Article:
Bishop Gregory (hgr) wrote,
Bishop Gregory

second part

According to Gérard Garitte [G. Garitte, Traduttore traditore di se stesso, Bulletin de la Classe des Lettres de l’Académie Royale de Belgique. 5e sér. 57 (1971) 39–80; reprinted in: Idem, Scripta disiecta. 1941—1977. II, (Publications de l’Institut Orientaliste de Louvain, 22; Lovanii, 1980) 676–717], such calques as поновения are “les interférences implantées” in the language of translation and should be excluded from the list of the evidences that a given text is translated. Such calques are used equally in the original works, and there are original texts where the usage of such “interférences implantées” is much higher than in the translated texts in the same language. Garitte refers himself to the original Coptic sermons of Pachomius the Great where the number of Greek loanwords is greater than in the Sahidic New Testament by about 25%. The only “interférences” that should be taken into account when we are trying to define if a given text is translated or not, are “les interférences accidentelles” where a word of the original language was interpreted mistakenly. I am quoting here Gérard Garitte because this important theoretical paper on the ways of translation in the Christian Orient retains its value as to the Christian Oriental translations of the pseudepigraphic literature but is not well-known to the specialists in the late Jewish / early Christian literature.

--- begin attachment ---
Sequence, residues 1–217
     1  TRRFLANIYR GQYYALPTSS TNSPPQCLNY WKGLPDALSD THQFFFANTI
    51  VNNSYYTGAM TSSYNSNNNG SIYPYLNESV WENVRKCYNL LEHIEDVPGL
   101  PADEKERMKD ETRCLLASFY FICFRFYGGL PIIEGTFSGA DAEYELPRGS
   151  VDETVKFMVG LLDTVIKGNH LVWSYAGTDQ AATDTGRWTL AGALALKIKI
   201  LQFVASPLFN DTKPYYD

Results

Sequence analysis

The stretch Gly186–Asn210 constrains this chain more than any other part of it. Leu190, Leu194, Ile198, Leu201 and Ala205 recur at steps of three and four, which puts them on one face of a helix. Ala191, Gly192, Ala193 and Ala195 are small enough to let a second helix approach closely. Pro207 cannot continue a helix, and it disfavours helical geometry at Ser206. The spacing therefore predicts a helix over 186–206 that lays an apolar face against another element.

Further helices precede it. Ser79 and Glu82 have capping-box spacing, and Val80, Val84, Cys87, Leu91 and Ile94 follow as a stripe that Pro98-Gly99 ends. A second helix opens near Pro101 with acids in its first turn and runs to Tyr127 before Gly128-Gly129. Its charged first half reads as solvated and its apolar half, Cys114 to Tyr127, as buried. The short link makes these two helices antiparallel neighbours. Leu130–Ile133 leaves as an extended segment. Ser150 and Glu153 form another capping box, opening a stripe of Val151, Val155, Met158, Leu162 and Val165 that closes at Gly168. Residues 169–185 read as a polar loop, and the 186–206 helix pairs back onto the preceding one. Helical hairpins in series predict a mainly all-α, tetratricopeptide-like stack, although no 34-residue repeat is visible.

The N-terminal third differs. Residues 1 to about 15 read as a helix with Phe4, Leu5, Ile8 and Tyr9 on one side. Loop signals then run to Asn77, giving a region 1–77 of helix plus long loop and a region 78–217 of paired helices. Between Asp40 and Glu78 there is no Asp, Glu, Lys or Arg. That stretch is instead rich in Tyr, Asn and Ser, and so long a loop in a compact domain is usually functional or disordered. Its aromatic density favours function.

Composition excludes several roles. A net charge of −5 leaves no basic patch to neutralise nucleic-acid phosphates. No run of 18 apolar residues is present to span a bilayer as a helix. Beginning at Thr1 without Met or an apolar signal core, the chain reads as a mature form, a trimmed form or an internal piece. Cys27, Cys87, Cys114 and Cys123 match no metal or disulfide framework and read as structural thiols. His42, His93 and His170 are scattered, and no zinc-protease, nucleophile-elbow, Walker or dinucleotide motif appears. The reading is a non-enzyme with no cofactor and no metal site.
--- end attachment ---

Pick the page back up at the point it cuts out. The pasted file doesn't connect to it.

However, though being almost irrelevant to the evaluation of the technique of translation from Hebrew into Greek and then into Slavonic, Kulik’s analysis of ApAb 9:9 holds as a demonstration that, due to its “ ‘templocentric’ attitude,” “ApAb might have been composed, with at least equal probability, in the late Second Temple period” (p. 47) (and not after AD 70, as it is generally accepted). I would like to emphasize and re-accentuate this conclusion: dealing with the Jewish apocalyptic literature, we are always in presence of such “templocentrism,” and so, no vision of temple is able to lead us automatically to the dating of any apocalyptic work. The heavenly temple that is open to the apocalyptic visionary is always in the center of his attention, and this temple exists regardless to the existence of its earthly likeness. In fact, an earthly temple is nothing but an imperfect mean to access the heavenly one, but the visionary by definition accesses the heaven independently.
In the next chapter, drawing his attention to the Semitic original, Kulik first of all turns himself, naturally, to the problem of its language, Hebrew or Aramaic (p. 61-64). His conclusion is very balanced: “As well as the proper names, most Semitic forms in our document may reflect an Aramaic original as well as a Hebrew one. In very rare cases we can indicate Hebrew forms impossible or unattested in Aramaic” (p. 63), that leads him to prefer a hypothesis of Hebrew as the language of original (p. 64). He carefully notes in advance: “In the period under discussion elements of these languages [Hebrew and Aramaic] could be mixed in a single text” (p. 61).
The ways of the retroversion into Hebrew Kulik divides into two groups: retroversion omitting the Greek stage (p. 64-66) and two-stage retroversion (p. 66-76).